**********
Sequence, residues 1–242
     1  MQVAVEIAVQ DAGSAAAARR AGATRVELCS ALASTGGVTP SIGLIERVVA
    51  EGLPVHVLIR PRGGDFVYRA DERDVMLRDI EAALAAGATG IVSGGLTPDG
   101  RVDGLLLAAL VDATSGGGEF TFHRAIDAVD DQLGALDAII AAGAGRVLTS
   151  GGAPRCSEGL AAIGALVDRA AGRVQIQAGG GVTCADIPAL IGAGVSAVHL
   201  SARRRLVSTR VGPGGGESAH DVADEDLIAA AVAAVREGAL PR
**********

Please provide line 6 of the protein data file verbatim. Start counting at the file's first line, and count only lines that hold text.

   201  SARRRLVSTR VGPGGGESAH DVADEDLIAA AVAAVREGAL PR